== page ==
[ Q ] So they all need the same qualities to get to the highest level?
[ Q ] Is there one fighter you respect above all others?
I think Randy Couture is that person. The damage he has been doing for so long. Getting a World Title shot again and winning that World Title. Being 44-years-old and UFC Heavyweight World Champion is very impressive.
[ Q ] You have one fight left on your contract after your next bought with Rashad Evans. Is there anyone you would like to fight in your final match under UFC contract?
No that hasn't been arranged yet. To me whoever is in the top-5 in the world I would love to fight. I think that is the most important thing to me: to fight anyone who is in the top-5 in the world and no less than that.
[ Q ] So no preferences at this point?
Shogun (Mauricio Rua) or Dan Henderson. Any of those guys would be good. Of course the chance to fight Liddell again would be great. If someone loses to Liddell twice, usually they want another shot and I do want another shot. And I believe I will challenge him hard.
[ Q ] Do you have anything planned after your final UFC fight?
No plans just yet. Possibly sign with the UFC again. I feel my career is still at the top of the horizon. I want to fight for another five years. I think it really comes down to me continuing to entertain the fans that love to watch my fights. That is the most important thing for me.
[ Q ] Going into each fight do you have a specific approach or do you tailor your training according to your opponent?
I think it really does come down to who I'm fighting against. I have to make sure I look at their strengths and weaknesses and try to pick them apart. Try to manipulate those things so when I do fight I'm ready for those aspects.
[ Q ] So this approach would involve studying videotapes of your opponents?
Exactly, just doing my homework.
[ Q ] How do you overcome nervousness before a big fight?
Before a fight I think it is anxiety more than anything. I don't get nervous; I think it is anxiety. I throw up and cry. I am just a very emotional person so when I fight, when I am out there competing I am ready.
[ Q ] Is the process as important as the outcome to you?
For sure: I have to make sure I make the right training decisions and push myself as hard as I possibly can so I have no doubts in my mind when I fight. I don't question whether I have trained hard enough or put enough time in doing the right things. So when I step into the Octagon I am focused 100-percent.
[ Q ] So you enjoy the process? Is eight hours of training daily an enjoyable thing?
Yes, I like to see the full outcome of my training efforts. The training is just a part of my work. I get paid for it. That is where I make the money. I don't get paid to fight. I get paid to train.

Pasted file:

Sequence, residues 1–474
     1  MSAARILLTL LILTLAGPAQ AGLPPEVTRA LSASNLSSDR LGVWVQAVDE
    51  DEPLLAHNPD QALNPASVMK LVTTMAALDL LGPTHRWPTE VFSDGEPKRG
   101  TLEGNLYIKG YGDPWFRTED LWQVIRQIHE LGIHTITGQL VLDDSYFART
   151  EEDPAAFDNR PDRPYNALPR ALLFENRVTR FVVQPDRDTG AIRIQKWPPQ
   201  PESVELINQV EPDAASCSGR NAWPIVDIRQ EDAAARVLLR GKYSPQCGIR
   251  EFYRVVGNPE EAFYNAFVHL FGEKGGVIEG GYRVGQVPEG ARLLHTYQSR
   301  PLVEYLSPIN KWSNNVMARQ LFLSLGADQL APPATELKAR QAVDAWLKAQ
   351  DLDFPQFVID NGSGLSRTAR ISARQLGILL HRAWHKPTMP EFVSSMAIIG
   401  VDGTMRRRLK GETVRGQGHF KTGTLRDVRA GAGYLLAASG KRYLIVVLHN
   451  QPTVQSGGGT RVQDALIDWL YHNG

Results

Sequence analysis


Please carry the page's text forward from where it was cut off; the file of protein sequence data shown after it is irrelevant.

[ Q ] How much of an emphasis do you place on cardio?
Cardio is my number one thing. If I don't get tired during a fight, then I don't have anything to worry about. Then comes wrestling, then boxing and finally weight training. But I think the number one thing is cardio so I never get tired.
[ Q ] What do you do for cardio in the off-season?
I just run three miles day. That is pretty much it.
[ Q ] And pre-contest you would double that amount?
[ Q ] What is your approach to weight training?
Medium weights and high endurance to build muscle-stamina: I do no less than 20 and no more than 40 reps with five-sets-per-exercise.
[ Q ] What exercises do you use?
I do a lot of leg work and a lot of pulling and pushing. My legs as my foundation are very important so I try to make sure these are strong like a tree trunk. Just try to make sure my whole body is strong.
[ Q ] What about upper body? A lot of MMA fighters use explosive lifts like the clean and jerk to develop power? Do you do these?
I don't do a lot of explosive stuff, just more endurance. I focus mainly on high reps so I am able to go for those 5-minute rounds. I think that is the most important thing.
[ Q ] What is your approach to nutrition?
I get to eat anything but fast foods and sodas. I have to stay away from greasy and fried foods.
[ Q ] Do you take any supplements?
No not at all. No supplements. I am just a big believer in a lot of raw foods. I eat a lot of vegetables including spinach - a lot of green stuff. Garlic also - just things that will keep my body healthy. I also eat about 2-to-3 times per day.
[ Q ] You are a pretty big guy. When preparing for a fight do you drop your calories drastically or just ease into it slowly?
I kind of ease into it slowly - wrestling in college taught me how to drop weight. Losing ten pounds is about a 4-hour process so it is really easy.
[ Q ] MMA's popularity has exploded. Why do you think this is? What is its attraction?